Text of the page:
By the time of his passing on 13 September 1989 as many as 24 Japanese and 21 non-Japanese disciples had finished the formal course of Zen training.

the entrance to the San'un Zendo

 *Pater Enomiya-Lassalle(Center)              
     Kôun Roshi with Mrs. Kazue YAMADA

the board called han



* The Third Abbot * KUBOTA Ji'un Rôshi

   KUBOTA Ji'un Rôshi, was born in Tokyo in 1932, and became YASUTANI Roshi's student in 1949, finishing his koan training in 1970. After YASUTANI Roshi passed away in 1973 he sought YAMADA Kôun Roshi's guidance. In 1983 he was appointed Zen Master [Shôshike] of the SANBÔZEN, and consequently succeeded to the Dharma of YAMADA Kôun Roshi in 1985. After the passing of YAMADA Kôun Roshi in September 1989 KUBOTA Roshi took over the presidency of the SANBÔZEN in October of the same year, remaining in the office until October 2004.

* The Fourth Abbot * YAMADA Ryôun Rôshi

   YAMADA Ryôun Rôshi was born in 1940 in Manchuria, and became YASUTANI Roshi's disciple when he was 16 years old. In 1978 he finished his formal Zen training under YAMADA Kôun Roshi, and in 1985 he succeeded to the Dharma of Kôun Roshi. As a Zen Master [Shôshike] of the SANBÔZEN he took over the office of the Abbot of the SANBÔZEN in October 2004.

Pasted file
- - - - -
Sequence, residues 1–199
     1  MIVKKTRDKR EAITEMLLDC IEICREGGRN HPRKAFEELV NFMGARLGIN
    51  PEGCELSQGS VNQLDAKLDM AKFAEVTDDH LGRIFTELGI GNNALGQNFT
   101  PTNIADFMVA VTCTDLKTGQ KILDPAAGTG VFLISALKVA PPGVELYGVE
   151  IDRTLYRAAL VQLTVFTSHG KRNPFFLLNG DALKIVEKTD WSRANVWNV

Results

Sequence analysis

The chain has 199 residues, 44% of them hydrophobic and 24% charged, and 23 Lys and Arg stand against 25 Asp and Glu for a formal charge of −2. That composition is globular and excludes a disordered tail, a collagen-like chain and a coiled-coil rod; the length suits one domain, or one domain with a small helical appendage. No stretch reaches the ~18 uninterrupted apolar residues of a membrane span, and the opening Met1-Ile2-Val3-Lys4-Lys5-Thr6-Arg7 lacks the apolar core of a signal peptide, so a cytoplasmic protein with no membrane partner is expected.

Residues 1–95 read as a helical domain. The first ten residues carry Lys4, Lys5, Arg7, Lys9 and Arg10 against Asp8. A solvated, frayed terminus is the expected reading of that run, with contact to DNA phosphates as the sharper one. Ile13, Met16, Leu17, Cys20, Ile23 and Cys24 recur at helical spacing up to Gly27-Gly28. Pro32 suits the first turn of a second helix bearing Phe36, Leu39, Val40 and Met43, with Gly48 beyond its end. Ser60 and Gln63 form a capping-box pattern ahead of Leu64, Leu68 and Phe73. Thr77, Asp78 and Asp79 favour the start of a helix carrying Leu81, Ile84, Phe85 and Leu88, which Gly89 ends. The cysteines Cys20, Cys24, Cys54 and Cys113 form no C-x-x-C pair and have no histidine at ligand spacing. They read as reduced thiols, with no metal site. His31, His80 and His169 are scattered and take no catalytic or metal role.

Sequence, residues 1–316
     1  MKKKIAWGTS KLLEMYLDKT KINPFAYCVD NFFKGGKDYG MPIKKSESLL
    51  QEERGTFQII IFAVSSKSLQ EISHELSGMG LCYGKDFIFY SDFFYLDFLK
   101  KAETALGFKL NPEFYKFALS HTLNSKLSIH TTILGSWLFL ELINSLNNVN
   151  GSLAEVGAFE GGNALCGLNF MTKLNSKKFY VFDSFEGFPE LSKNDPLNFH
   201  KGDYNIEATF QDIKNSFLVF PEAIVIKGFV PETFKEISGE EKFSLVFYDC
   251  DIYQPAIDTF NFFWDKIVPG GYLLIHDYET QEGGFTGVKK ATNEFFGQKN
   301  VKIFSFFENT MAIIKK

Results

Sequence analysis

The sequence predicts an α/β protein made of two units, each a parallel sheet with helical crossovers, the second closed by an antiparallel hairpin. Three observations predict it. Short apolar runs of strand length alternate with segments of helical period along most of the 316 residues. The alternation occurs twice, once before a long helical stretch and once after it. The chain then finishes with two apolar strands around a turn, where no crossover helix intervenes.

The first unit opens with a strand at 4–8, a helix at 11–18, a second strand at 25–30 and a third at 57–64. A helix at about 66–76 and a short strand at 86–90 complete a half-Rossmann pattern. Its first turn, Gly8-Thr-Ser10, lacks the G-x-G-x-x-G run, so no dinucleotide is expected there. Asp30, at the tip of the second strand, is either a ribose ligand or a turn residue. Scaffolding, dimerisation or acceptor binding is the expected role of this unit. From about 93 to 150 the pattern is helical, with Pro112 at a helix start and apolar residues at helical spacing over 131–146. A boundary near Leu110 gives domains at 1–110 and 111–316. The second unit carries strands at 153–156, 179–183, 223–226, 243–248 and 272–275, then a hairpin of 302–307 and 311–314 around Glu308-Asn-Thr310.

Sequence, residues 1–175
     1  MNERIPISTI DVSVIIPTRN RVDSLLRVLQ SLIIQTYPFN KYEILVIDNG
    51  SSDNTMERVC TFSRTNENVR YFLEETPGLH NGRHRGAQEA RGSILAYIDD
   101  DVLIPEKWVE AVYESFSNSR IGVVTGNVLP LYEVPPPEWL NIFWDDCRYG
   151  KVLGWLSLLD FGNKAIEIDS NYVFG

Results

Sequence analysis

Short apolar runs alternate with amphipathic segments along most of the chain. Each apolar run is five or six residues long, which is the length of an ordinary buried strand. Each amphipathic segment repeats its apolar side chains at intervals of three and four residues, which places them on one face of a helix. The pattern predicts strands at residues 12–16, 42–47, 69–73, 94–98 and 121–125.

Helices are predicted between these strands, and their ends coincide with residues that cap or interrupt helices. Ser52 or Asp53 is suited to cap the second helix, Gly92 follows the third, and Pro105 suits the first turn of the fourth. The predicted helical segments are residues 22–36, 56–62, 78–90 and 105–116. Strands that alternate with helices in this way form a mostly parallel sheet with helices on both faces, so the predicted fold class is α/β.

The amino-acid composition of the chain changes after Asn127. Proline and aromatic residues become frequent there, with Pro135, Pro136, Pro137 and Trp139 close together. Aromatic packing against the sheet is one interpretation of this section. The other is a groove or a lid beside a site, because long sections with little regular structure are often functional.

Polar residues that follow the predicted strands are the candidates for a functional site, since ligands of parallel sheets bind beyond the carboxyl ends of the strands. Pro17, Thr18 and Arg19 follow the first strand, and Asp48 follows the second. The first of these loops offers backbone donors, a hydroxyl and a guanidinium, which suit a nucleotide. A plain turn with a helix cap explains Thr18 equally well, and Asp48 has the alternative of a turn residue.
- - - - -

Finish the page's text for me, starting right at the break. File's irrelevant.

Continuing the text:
* Gundula MEYER Rôshi

   There are other Zen Masters (shôshike) in the SANBÔZEN: Gundula MEYER (Zuiun-an)Roshi, born in Lübeck in Germany, is an ordained minister in the Protestant Church. She became a disciple of YAMADA Kôun Roshi in 1977, and has devoted herself in Zen ever since. Completing her koan study after several years, she went back to Germany and opened her Zendo in Ohof in northern Germany in 1987. She has been active in guiding a zendo also in Sweden. In 2001 she received the Dharma from KUBOTA Roshi and was appointed Zen Master [Shôshike] of the SANBÔZEN.

* TONOIKE Hekiun Rôshi